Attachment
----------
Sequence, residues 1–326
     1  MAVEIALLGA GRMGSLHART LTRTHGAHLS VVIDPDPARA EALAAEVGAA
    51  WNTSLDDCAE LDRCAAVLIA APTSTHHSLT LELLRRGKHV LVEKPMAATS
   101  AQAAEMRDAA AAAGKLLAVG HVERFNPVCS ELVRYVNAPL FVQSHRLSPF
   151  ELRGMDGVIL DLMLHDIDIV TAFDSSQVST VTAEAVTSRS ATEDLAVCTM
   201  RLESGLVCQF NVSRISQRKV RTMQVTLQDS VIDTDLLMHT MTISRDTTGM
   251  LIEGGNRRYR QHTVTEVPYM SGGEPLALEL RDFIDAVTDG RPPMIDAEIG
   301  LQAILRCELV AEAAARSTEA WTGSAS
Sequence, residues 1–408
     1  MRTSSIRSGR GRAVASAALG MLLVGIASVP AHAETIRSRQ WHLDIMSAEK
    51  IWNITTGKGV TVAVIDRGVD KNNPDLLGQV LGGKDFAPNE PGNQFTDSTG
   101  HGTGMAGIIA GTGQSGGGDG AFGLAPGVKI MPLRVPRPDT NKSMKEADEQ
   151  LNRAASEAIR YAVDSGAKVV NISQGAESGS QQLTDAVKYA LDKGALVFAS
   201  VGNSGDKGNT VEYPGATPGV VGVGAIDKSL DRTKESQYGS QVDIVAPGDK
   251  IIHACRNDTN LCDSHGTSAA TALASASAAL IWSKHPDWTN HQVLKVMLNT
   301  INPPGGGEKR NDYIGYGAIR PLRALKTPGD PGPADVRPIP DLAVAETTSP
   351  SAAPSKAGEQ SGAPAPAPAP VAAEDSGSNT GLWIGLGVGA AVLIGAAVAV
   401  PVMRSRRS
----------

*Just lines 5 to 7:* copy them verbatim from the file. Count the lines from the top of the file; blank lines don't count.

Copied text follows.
   151  ELRGMDGVIL DLMLHDIDIV TAFDSSQVST VTAEAVTSRS ATEDLAVCTM
   201  RLESGLVCQF NVSRISQRKV RTMQVTLQDS VIDTDLLMHT MTISRDTTGM
   251  LIEGGNRRYR QHTVTEVPYM SGGEPLALEL RDFIDAVTDG RPPMIDAEIG